On Sunday last, John and I headed down to Newhaven Tide-mills on the east coast of Sussex; despite it not being a nature reserve it is a decent bit of scrubby, reedy, rough land with a creek and some ruins thrown in. It’s a pretty good site for birds and has a knack of attracting some pretty rare ones every now and again. One of the purposes of this trip was to have a jolly good crack at trying to see a Jack Snipe – a bird which has eluded us again and again and is now near-mythical in our eyes – as it was purportedly a good area for them in winter. Oh, and there was a Serin there too, not that that had anything to do with it.

So, a Serin is a small type of finch with streaky brown and white plumage and the males have a lovely bright yellow blush over their breast and head. They are quite common just over the channel with a range across much of western Europe, however they only occur in Britain irregularly on passage, although occasionally some may breed in the south. I have seen some of these diminutive finches on holiday in Spain as they are quite common in the pine forests there, I’ve never seen one in Britain though so I was quite excited as we approached the area of rotting brick ruins where it has been hanging out for around a month.

There were quite a few other birders and twitchers waiting on the path with scopes and camera lenses trained on the waste ground to the left, we joined the party and learned it had been seen earlier but was currently hiding somewhere. Fortunately it wasn’t too long a wait for it to re-emerge, someone spotted it feeding in a tangle of vegetation and we managed to get really good views as it fed on tiny seeds in the bright winter sunlight. It was a really smart male with a vibrant citrus-yellow streak which curved behind its eye and down its neck where it spread out onto its breast. After getting some good views the bird vanished again into the thick plants so we headed off.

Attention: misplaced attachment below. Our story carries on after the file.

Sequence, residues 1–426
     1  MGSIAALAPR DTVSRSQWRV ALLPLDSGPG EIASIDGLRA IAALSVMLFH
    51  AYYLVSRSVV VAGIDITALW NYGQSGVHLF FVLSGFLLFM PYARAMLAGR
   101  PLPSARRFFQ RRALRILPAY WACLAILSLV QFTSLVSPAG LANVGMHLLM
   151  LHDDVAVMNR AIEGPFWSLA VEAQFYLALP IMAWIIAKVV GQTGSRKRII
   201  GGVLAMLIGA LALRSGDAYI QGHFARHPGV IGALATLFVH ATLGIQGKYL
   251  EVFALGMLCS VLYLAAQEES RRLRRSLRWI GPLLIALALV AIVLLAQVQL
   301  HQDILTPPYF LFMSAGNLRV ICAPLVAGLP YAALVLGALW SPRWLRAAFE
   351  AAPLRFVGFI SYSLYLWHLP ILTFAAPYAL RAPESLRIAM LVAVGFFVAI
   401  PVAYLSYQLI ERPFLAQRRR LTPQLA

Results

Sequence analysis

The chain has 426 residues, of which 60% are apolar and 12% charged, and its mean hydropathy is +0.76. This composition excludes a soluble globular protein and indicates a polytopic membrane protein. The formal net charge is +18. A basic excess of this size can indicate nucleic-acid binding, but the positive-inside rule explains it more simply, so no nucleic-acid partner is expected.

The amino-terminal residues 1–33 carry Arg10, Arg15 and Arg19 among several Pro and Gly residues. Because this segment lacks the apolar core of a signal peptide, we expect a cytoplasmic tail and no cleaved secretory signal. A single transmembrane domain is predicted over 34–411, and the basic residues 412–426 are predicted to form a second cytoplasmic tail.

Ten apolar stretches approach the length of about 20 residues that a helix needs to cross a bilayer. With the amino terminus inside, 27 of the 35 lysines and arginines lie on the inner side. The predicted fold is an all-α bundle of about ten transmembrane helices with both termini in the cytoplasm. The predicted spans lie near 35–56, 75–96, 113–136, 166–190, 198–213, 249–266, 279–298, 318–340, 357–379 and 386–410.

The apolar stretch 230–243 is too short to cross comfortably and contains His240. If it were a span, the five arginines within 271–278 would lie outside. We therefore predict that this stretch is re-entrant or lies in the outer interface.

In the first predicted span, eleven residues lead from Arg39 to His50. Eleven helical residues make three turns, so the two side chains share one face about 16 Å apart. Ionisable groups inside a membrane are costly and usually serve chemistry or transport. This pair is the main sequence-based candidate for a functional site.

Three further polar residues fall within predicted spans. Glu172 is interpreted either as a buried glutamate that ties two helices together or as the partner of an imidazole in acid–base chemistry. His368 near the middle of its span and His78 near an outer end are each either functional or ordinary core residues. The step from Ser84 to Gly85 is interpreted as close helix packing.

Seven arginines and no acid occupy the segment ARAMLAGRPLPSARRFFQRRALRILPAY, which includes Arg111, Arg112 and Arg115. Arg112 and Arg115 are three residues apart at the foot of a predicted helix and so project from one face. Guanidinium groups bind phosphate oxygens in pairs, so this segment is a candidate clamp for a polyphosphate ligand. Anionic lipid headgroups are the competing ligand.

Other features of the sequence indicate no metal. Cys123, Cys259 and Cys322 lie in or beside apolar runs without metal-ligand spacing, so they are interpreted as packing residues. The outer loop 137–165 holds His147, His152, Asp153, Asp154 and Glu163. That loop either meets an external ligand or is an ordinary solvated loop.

Despite the yellow it blended well into the dead seed heads.

As we walked along the beach towards the pier many Stonechats were flitting along the pebbles and perching boldly in the sun in the scrub just behind the shingle. We also saw loads of Song Thrushes bobbing about on the turf, perhaps some (or all?) of these were continental birds, we also came across a lovely flock of Greenfinch perched in a bush. When we got to the pier it was low tide and we walked along the length of it checking the mussel-encrusted girders beneath us for Purple Sandpipers, a specialist wader that is often seen on piers, but to no avail. We did have compensation though in several very confiding Turnstones which scurried within inches of our feet and a lone Guillemot at the harbour entrance.

Now we turned our attention to finding a Jack Snipe, so we located a suitable field that had long vegetation and wet bits and walked the length and breadth of it in the hope of putting up one of these twincy waders. There were plenty of Common Snipe (maybe 30 or more) in the field and we checked each one that flew up – they always fly quite early and with a zig-zagging flight and they usually go quite far away before settling again. We also saw a good number of Meadow Pipits and Skylarks, as well as a Reed Bunting and a Stonechat, the field was frozen solid with ice everywhere so I wonder what the snipe were feeding on.

In the end though we saw no Jack Snipe, yet again, despite trying our hardest in what looked a very suitable field, so it looks like we might have to wait for next autumn to get another crack at the darned bird. On the bright side there was a beautiful sunset, and we saw a covey of Red-legged Partridge in a ploughed field and 4 Curlew flew overhead as the sun dipped below Newhaven fort. A great day’s birding in perfect winter weather with a gorgeous first for Britain (for me anyway) in the form of a Serin and once again I was struck by how much bird-life there was around us in such an industrial area and on land that most would see as little more than waste.

(The header photo is of John desperately hunting for a Jack Snipe in a ditch).